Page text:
Nancy Checko is retired from a recreation, culture and tourism-related career with Algonquin Park.
“It is so sad that the spectacular work the staff at the Station was doing has been interrupted, if not ended,” she says. “For a small community, the Station was a very dynamic institution. When I compare what the Station accomplished to what we were doing in Algonquin Park, I have to say it was incredible. I just can’t understand why people don’t see the value of the arts and culture and their economic effect. Instead of losing staff and programs all of us in the three communities in the Madawaska Valley should be co-operating to build a strong and vital municipality.”
Local Artists are Saddened over Loss of “Beating Heart”
Madawaska Valley artists are saddened to see the decline of programs at the gallery and museum. These included exhibitions, workshops, classes and lectures. Eva Kaczkowska says the “community is much poorer” due to the interruption of staff and programming at this institution. As an artist who frequently showed her work at the South of 60 Gallery, Kaczkowska was well-acquainted with the Station and its programs:
“It was a beating heart. It was something that united all of the artists of the area. Its program of exhibitions inspired us to create works. There is no substitute.”
Kim Hanewich, who has lived and worked in the Madawaska Valley for thirty years, spoke of South of 60 and its programs:
“I watched the quality of the gallery and its programs grow over the years. It became the envy of artists and other communities throughout the Valley. Until this year, it never faltered except for interference. I just don’t understand this destruction of quality effort and years of people’s endeavours.”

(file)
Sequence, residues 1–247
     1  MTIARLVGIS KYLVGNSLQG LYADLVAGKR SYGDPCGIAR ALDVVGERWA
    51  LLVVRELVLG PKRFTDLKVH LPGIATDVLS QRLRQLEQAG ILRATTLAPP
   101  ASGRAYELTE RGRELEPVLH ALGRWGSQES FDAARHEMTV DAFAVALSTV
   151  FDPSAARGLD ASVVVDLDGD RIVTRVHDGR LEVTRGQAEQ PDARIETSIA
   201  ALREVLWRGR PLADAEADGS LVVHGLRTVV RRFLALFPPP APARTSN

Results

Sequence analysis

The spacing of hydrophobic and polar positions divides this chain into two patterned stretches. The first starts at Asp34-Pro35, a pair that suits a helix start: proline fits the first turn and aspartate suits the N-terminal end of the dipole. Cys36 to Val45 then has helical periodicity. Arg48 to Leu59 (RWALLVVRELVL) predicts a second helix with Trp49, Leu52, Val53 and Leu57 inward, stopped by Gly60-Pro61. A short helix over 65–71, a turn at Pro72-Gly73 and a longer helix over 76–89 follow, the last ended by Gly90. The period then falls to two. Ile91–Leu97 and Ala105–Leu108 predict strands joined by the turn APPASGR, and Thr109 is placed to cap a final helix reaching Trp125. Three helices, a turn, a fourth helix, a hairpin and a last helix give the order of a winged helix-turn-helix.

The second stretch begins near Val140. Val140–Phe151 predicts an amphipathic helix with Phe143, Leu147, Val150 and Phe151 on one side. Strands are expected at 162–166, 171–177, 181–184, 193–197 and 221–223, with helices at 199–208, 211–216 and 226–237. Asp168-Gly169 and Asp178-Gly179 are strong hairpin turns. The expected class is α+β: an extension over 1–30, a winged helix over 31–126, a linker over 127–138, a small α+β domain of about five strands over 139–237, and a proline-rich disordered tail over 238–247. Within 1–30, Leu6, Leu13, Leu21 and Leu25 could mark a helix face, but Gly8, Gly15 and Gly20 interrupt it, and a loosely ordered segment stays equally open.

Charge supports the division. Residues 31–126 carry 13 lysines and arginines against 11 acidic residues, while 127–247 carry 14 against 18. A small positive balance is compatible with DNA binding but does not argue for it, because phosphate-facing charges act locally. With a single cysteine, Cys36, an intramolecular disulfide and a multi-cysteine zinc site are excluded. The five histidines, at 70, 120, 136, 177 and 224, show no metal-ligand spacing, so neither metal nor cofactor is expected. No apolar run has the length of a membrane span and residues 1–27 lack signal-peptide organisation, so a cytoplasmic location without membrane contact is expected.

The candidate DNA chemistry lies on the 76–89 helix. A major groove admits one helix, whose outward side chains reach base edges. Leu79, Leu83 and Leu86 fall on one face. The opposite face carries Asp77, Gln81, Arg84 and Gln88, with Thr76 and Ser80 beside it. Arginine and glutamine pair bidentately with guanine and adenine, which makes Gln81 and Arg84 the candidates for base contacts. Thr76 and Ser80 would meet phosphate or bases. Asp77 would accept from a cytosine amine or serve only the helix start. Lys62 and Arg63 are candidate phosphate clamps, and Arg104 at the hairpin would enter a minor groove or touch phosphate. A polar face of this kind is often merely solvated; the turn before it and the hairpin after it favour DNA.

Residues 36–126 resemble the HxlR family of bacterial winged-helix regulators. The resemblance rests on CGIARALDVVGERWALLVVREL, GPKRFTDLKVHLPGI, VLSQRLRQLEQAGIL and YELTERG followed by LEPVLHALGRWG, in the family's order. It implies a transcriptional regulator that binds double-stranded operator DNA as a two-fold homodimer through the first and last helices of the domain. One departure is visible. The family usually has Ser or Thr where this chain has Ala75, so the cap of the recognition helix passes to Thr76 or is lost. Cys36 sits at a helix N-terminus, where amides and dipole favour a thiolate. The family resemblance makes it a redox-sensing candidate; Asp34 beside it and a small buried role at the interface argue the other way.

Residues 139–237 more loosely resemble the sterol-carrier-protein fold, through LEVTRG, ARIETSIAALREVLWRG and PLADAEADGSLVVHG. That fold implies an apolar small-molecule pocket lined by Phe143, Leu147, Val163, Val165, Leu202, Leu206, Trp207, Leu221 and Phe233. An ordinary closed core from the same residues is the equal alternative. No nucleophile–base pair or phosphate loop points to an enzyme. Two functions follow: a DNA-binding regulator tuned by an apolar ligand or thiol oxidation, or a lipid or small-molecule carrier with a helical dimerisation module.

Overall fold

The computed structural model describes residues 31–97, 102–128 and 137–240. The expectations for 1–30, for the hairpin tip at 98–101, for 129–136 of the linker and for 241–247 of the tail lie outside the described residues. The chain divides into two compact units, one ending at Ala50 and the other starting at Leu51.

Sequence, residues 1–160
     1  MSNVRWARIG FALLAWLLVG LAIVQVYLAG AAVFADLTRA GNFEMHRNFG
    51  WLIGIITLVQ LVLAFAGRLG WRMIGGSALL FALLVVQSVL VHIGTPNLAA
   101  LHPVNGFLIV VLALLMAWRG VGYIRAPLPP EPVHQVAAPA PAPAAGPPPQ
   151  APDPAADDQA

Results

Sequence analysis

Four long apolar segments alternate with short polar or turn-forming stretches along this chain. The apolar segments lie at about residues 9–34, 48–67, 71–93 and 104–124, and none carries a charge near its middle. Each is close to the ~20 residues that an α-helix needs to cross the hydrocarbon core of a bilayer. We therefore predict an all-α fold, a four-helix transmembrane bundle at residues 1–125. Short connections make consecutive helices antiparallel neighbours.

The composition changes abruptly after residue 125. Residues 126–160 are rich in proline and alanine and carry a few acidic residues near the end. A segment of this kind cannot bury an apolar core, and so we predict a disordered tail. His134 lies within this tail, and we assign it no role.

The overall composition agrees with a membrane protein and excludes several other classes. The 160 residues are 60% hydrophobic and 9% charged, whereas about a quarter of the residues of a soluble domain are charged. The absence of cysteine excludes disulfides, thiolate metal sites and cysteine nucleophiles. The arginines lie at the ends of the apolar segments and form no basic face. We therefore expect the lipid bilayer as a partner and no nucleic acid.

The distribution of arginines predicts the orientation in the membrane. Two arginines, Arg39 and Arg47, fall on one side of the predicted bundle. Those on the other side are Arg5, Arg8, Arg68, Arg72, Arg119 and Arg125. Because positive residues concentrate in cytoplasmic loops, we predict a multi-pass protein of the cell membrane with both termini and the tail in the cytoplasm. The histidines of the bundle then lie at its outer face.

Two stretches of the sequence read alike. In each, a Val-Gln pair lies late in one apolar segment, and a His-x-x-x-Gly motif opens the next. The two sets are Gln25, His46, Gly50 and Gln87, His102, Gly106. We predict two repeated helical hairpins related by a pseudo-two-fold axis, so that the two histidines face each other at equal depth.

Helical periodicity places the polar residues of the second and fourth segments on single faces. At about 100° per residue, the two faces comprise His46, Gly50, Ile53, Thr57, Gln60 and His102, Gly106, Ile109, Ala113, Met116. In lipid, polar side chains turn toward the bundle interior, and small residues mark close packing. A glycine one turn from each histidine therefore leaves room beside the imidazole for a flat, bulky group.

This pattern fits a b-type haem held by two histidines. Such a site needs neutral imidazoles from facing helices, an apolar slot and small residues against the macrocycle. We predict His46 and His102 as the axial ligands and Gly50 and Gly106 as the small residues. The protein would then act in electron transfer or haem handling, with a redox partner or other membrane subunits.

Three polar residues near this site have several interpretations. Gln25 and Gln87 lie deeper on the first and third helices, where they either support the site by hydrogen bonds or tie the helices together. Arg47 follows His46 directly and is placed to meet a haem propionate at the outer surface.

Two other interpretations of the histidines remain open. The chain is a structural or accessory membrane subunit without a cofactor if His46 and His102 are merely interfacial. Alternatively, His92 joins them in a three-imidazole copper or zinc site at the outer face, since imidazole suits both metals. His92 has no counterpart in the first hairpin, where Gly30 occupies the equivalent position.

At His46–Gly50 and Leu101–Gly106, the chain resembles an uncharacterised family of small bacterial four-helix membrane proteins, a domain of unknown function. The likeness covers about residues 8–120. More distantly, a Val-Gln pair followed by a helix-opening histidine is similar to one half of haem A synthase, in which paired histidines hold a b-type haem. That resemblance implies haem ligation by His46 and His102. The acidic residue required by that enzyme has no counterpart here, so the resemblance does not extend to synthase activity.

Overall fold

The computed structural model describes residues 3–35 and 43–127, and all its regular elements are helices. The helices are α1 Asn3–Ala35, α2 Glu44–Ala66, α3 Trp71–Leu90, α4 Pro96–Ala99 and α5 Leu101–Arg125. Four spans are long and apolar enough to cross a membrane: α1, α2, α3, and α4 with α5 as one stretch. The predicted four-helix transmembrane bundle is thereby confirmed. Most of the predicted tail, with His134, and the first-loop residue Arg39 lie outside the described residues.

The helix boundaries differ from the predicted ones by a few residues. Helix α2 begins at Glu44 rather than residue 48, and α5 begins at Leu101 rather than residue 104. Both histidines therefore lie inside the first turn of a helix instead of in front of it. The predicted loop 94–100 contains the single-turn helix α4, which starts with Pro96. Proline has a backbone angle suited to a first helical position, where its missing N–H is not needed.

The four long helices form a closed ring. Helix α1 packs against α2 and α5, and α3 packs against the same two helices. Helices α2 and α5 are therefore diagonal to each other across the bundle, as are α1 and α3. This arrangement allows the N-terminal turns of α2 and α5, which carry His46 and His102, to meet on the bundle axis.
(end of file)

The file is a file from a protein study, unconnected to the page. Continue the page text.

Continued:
Madawaska Valley Children Lose Opportunities
If art programs and camps do not continue, Madawaska Valley children will be denied opportunities that enhance their educations and enrich community life. Parent Yvette Boudreau-Smith comments that:
“The Station has been a place where children can express themselves through art. Music and the arts are vital parts of learning and development for children. Fortunately, the Railway Station has always had art programs available for children and youth. There has been a wide variety of art courses and camps available to all ages of children at very reasonable cost.”
Lois Yantha, wife of former Councillor Sylvie Yantha, also recognizes the importance of the arts in the development of community: